Depression Part Two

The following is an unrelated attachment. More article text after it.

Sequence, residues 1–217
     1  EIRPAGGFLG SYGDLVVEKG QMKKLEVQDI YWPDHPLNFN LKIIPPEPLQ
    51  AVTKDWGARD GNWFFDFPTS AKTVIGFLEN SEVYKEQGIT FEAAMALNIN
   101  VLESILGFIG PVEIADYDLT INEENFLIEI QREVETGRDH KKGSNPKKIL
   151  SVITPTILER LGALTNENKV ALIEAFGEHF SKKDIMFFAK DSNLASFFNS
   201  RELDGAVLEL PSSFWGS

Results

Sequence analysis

I remember being endlessly entertained by the adventures of my toys. Some days they died repeated, violent deaths, other days they traveled to space or discussed my swim lessons and how I absolutely should be allowed in the deep end of the pool, especially since I was such a talented doggy-paddler. I didn't understand why it was fun for me, it just was. But as I grew older, it became harder and harder to access that expansive imaginary space that made my toys fun. I remember looking at them and feeling sort of frustrated and confused that things weren't the same. I played out all the same story lines that had been fun before, but the meaning had disappeared. Depression feels almost exactly like that, except about everything. At first, though, the invulnerability that accompanied the detachment was exhilarating. The beginning of my depression had been nothing but feelings, so the emotional deadening that followed was a welcome relief. Which leads to horrible, soul-decaying boredom.